Thyroidectomy (Thyroid Removal)
Your doctor may recommend that you consider thyroid surgery for 4 main reasons:
- You have a nodule that might be thyroid cancer.
- You have a diagnosis of thyroid cancer.
- You have a nodule or goiter that is causing local symptoms – compression of the trachea, difficulty swallowing or a visible or unsightly mass.
- You have a nodule or goiter that is causing symptoms due to the production and release of excess thyroid hormone – either a toxic nodule, a toxic multinodular goiter or Graves’ disease.
The extent of your thyroid surgery should be discussed by you and your thyroid surgeon and can generally be classified as a partial thyroidectomy or a total thyroidectomy. Removal of part of the thyroid can be classified as:
- Hemi-thyroidectomy or thyroid lobectomy – where one lobe (one half) of the thyroid is removed;
- Isthmusectomy – removal of just the bridge of thyroid tissue between the two lobes; used specifically for small tumors that are located in the isthmus.
- total or near-total thyroidectomy is removal of all or most of the thyroid tissue.
The recommendation as to the extent of thyroid surgery will be determined by the reason for the surgery. For instance, a nodule confined to one side of the thyroid may be treated with a hemithyroidectomy. If you are being evaluated for a large bilateral goiter or a large thyroid cancer, then you will probably have a recommendation for a total thyroidectomy. However, the extent of surgery is both a complex medical decision as well as a complex personal decision and should be made in conjunction with your endocrinologist and surgeon.
Your surgeon will explain the planned thyroid operation, such as lobectomy (hemi) or total thyroidectomy, and the reasons why such a procedure is recommended.
For patients with papillary or follicular thyroid cancer, many, but not all, surgeons recommend total or near-total thyroidectomy when they believe that subsequent treatment with radioactive iodine might be necessary. For patients with larger (>1.5 cm) or more invasive cancers and for patients with medullary thyroid cancer, local lymph node dissection may be necessary to remove possibly involved lymph node metastases.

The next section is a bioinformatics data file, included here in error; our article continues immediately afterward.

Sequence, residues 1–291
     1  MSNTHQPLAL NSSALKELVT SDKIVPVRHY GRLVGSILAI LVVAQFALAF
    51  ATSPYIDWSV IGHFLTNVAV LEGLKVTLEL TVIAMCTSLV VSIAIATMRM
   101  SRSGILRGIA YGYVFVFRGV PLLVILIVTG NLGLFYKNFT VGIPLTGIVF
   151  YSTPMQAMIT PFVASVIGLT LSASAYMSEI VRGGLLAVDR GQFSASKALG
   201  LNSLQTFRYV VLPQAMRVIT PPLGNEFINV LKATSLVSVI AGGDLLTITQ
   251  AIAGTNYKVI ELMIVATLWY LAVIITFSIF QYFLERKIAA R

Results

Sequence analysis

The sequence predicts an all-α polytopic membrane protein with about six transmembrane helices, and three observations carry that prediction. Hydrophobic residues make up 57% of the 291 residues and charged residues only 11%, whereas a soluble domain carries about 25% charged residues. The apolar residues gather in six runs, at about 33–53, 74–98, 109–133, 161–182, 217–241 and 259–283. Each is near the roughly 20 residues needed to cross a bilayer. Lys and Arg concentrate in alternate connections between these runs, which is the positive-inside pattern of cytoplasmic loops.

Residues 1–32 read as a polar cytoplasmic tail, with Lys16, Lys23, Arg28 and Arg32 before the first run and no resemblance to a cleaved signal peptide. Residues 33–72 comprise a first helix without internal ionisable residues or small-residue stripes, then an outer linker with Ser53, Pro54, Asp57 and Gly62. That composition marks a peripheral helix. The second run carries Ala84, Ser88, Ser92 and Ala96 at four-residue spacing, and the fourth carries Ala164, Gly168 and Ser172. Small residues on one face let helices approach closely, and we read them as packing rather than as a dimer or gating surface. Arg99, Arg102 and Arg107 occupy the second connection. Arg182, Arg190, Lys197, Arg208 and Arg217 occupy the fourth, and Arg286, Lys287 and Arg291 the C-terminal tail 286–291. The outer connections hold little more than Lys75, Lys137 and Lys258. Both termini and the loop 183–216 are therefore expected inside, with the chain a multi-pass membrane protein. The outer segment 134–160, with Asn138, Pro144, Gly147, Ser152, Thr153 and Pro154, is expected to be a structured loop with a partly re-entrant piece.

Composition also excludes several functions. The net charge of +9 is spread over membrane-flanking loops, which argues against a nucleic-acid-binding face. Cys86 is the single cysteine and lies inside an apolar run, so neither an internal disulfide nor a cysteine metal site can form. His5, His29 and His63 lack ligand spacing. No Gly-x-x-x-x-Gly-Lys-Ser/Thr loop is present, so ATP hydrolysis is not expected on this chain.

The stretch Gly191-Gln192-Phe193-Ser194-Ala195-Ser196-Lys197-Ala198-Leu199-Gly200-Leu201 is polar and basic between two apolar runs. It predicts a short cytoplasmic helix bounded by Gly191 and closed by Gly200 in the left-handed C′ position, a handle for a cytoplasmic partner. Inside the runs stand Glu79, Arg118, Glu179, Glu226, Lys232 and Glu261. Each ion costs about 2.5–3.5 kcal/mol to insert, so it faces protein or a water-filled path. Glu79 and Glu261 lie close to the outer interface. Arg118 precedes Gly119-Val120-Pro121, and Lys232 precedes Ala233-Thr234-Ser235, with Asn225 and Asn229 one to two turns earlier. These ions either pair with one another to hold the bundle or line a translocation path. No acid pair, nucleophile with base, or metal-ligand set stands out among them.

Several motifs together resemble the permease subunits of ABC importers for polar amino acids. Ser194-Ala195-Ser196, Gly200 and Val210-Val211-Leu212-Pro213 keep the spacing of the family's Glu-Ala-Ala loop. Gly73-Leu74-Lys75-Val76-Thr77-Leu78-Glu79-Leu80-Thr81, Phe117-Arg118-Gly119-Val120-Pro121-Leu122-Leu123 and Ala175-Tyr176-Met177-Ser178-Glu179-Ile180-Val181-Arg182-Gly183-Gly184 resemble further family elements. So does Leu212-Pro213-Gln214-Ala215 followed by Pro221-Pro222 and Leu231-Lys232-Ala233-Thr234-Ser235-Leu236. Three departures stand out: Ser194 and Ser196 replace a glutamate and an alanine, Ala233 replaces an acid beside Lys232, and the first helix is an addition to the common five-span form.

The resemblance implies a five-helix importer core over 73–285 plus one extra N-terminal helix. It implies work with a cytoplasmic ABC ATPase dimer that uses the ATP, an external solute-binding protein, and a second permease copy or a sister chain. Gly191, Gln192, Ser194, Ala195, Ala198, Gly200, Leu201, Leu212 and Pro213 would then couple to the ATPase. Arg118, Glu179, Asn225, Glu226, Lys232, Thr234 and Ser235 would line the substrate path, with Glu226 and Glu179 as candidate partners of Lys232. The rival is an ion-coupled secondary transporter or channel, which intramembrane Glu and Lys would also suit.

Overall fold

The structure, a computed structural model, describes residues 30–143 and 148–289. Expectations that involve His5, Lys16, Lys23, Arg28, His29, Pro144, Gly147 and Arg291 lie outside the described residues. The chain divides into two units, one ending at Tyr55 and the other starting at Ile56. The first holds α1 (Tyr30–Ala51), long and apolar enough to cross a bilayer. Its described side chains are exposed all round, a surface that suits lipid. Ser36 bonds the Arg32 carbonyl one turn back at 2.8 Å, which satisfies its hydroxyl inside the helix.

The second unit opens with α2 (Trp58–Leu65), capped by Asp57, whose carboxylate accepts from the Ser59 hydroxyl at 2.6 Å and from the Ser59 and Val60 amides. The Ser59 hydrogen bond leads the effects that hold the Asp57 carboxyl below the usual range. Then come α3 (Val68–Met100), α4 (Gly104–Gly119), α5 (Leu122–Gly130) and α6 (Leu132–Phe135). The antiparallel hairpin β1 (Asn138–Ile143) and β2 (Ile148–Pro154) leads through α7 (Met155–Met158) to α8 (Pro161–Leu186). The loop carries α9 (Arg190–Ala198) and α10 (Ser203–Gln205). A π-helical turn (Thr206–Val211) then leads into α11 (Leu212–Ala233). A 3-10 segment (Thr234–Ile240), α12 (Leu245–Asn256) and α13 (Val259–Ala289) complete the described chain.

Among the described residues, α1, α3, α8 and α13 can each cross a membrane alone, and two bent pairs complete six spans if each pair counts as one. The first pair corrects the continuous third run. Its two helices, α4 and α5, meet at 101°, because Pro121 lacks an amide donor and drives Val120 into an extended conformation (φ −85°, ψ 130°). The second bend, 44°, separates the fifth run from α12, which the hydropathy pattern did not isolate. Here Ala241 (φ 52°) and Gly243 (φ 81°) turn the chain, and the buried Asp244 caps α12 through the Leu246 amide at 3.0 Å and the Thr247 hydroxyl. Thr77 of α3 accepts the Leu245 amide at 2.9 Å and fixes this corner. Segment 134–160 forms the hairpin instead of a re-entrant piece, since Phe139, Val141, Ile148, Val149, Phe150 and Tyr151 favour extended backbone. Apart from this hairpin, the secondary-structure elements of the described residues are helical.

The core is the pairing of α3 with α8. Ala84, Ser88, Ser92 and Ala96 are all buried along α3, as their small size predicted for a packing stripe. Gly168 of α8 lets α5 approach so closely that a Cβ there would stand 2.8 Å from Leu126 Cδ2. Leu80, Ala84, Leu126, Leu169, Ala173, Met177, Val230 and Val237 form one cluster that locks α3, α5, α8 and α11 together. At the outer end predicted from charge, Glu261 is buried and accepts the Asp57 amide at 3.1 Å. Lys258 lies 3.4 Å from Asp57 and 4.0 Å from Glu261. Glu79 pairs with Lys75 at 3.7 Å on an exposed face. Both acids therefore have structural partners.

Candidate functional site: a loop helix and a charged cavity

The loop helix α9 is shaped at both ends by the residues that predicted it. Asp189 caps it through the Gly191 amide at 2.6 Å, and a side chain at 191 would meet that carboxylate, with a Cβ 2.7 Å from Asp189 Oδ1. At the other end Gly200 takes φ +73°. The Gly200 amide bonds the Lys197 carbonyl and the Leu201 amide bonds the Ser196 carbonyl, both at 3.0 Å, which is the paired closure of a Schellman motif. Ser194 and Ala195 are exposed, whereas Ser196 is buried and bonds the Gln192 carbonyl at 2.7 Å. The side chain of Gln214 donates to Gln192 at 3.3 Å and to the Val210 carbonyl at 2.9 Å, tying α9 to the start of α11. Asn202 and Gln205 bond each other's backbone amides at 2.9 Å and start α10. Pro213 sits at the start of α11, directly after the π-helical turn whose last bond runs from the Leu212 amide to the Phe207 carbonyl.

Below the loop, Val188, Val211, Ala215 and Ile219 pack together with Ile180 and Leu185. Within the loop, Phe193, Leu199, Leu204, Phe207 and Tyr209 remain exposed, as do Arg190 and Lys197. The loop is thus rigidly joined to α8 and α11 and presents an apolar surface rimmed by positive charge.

A hemithyroidectomy may be recommended for overactive solitary nodules or for benign onesided nodules that are causing local symptoms such as compression, hoarseness, shortness of breath or difficulty swallowing. A total or near – total thyroidectomy may be recommended for patients with Graves’ Disease or for patients with large multinodular goiters.
What are the risks of thyroid surgery?
In experienced hands, thyroid surgery is generally very safe. Complications are uncommon, but the most serious possible risks of thyroid surgery include:
- bleeding in the hours right after surgery that could lead to acute respiratory distress;
- injury to a recurrent laryngeal nerve that can cause temporary or permanent hoarseness, and possibly even acute respiratory distress in the very rare event that both nerves are injured;
- damage to the parathyroid glands that control calcium levels in the blood, leading to temporary, or more rarely, permanent hypoparathyroidism and hypocalcemia.
These complications occur more frequently in patients with invasive tumors or extensive lymph node involvement, in patients undergoing a second thyroid surgery, and in patients with large goiters that go below the collarbone into the top of the chest (substernal goiter).